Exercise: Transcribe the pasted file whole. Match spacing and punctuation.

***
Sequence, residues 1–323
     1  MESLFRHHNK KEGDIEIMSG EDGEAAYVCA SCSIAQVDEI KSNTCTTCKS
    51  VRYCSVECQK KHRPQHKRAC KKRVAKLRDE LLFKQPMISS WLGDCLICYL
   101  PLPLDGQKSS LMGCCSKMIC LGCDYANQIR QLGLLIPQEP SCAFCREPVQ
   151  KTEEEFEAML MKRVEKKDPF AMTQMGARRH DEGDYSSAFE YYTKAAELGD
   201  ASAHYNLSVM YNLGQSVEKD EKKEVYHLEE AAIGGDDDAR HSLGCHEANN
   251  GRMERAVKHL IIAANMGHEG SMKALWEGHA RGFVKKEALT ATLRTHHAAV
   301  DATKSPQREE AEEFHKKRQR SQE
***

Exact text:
Sequence, residues 1–323
     1  MESLFRHHNK KEGDIEIMSG EDGEAAYVCA SCSIAQVDEI KSNTCTTCKS
    51  VRYCSVECQK KHRPQHKRAC KKRVAKLRDE LLFKQPMISS WLGDCLICYL
   101  PLPLDGQKSS LMGCCSKMIC LGCDYANQIR QLGLLIPQEP SCAFCREPVQ
   151  KTEEEFEAML MKRVEKKDPF AMTQMGARRH DEGDYSSAFE YYTKAAELGD
   201  ASAHYNLSVM YNLGQSVEKD EKKEVYHLEE AAIGGDDDAR HSLGCHEANN
   251  GRMERAVKHL IIAANMGHEG SMKALWEGHA RGFVKKEALT ATLRTHHAAV
   301  DATKSPQREE AEEFHKKRQR SQE